Our diplomats and experts conducted a real historical investigation in Germany to find and honour Ukrainian soldiers killed during World War II. It was Ukrainian students who discovered the first historical finds. Promote Ukraine tells about the course of archeological excavations.
This is the story of Ukrainians, Ivan Pasternak and his family, among others. On 8 June 1941, Ivan turned 33 years old. Before joining the army, he worked as a tailor. On 22 June 1941, the Third Reich attacked the USSR, and the entire territory of Ukraine was covered by the gloom of World War II. Ivan was mobilised, taken prisoner, and later sent to Germany. His family did not know anything. They lost touch with him and knew nothing about his fate. Like hundreds of thousands of other families, they received a brief notice after the war: “Gone missing.” Dmytro Kuleba, Minister of Foreign Affairs of Ukraine, wrote about this story.
In 2021, preparations for industrial construction began in one of the districts of Bremen city, northern Germany. The construction site was to be located in the territory of a former World War II cemetery covered with sand. Locals called those burials of Soviet prisoners of war and forced labourers the “Russian cemetery”.
Ukrainian diplomats at the Consulate General of Ukraine in Hamburg found out about the construction plans.
“Of course, we understood that the cemetery was not ‘Russian’ but Soviet and that Ukrainians could be among the Soviet prisoners of war and forced labourers. Our diplomats, together with local activists, appealed to local authorities and stressed the importance of researching this place and honouring all the victims for Ukraine. We achieved the halt of construction and conducted a thorough historical study, revealing the sensation,” the minister said.
After the war, the U.S. military documented 772 burials at the cemetery. But in 1947-1948, only 456 were reburied. Later, excavations were stopped for unknown reasons, and the cemetery was covered with a two-metre layer of sand. More than 300 burials were forgotten and not honoured properly.
Thanks to the work of diplomats, the Bremen authorities announced the launch of large-scale archaeological excavations. Works began in August 2021. The diplomats organised a trip of five students of the Faculty of History of the Taras Shevchenko National University of Kyiv under the leadership of Candidate of Historical Sciences Tetiana Pastushenko. Between 15 and 29 August, they took part in the excavations. It was Ukrainian students who discovered the first finds (separate bones, soldier’s licence plates).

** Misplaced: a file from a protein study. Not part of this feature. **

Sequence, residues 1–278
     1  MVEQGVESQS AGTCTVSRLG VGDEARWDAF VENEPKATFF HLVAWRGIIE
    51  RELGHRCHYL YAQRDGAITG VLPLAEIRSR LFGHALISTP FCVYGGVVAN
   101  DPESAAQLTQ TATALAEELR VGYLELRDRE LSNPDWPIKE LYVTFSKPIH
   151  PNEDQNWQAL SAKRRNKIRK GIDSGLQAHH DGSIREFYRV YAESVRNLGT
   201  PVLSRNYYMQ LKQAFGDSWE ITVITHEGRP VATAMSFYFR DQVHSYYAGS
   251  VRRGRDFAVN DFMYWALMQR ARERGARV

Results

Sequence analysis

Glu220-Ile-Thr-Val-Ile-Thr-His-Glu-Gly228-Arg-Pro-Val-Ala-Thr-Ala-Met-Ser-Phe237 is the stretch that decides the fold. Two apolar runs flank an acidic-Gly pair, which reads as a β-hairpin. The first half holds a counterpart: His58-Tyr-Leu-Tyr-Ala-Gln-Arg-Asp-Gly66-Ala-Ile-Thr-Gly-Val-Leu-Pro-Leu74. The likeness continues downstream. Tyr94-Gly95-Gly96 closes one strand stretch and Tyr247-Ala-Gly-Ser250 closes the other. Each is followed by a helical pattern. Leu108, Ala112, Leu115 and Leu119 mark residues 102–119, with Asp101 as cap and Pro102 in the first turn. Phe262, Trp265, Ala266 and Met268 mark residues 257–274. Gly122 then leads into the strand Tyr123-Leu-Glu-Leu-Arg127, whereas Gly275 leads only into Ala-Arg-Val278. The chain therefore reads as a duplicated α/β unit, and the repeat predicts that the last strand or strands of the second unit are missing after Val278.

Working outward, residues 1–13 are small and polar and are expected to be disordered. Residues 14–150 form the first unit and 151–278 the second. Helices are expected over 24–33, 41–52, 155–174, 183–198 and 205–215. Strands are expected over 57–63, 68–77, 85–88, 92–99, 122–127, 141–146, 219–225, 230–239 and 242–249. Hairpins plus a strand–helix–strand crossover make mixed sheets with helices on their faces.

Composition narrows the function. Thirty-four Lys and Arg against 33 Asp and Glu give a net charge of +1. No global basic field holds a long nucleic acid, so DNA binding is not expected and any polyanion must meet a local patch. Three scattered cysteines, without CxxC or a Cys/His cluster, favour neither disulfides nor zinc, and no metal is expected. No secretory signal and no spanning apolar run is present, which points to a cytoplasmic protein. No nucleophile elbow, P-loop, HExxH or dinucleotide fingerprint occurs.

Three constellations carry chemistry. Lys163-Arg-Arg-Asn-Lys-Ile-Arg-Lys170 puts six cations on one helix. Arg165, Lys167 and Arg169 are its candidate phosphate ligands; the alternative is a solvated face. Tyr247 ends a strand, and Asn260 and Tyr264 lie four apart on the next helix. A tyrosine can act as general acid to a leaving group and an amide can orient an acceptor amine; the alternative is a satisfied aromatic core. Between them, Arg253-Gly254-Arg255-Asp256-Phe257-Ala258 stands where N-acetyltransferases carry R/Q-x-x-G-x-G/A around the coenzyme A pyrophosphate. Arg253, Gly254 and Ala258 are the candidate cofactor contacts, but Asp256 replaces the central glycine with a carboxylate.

Licence plate No.14683, found by student Oleksandr Hlushchenko, belonged to Ukrainian soldier Ivan Pasternak.
“We addressed the researchers at the National Museum of the History of Ukraine in the Second World War to find his relatives. The searches yielded results in December. We found Ivan’s family in Lviv: his daughter Maria and three grandchildren, Vasyl, Lydia, and Halyna. To say they were shocked is to say nothing. Well, we did our job, restored memory and justice. In addition to Ivan Pasternak, we found two other Ukrainian soldiers: Serhiy Selyk (Zelyk), a native of the Kyiv region, born in 1921, and Mykola Kovalchuk, born in 1915 in the Volyn region. We had already managed to find Serhiy’s relatives by joint efforts with the museum, and we are still looking for Mykola’s relatives,” Kuleba said.
Unidentified remains are still being excavated, so we could learn about more discoveries. Excavations will continue until March 2022.
Why is this critically important?
The Ministry of Foreign Affairs of Ukraine believes that this story is important for several reasons. First, we give Ukraine back to Ukraine, restoring our history and our memory. Second, we overturn public opinion in Germany and break the Russian myth that everything “Soviet” is “Russian” and, consequently, all misinterpretations of Russians as the only “victims” of Nazi Germany, to whom there is a “special responsibility.”
The diplomats strongly believe that Ukraine will properly commemorate Ukrainians and other prisoners of war whose remains could be found during excavations. We will continue to demand that their sacrifice be adequately recognised and honoured internationally.
The minister expressed special gratitude for the cooperation to Mayor of Bremen Dr. Andreas Bovenschulte, the Faculty of History of the Taras Shevchenko National University of Kyiv, the National Museum of the History of Ukraine in the Second World War, and the colleagues from the Consulate General of Ukraine in Hamburg.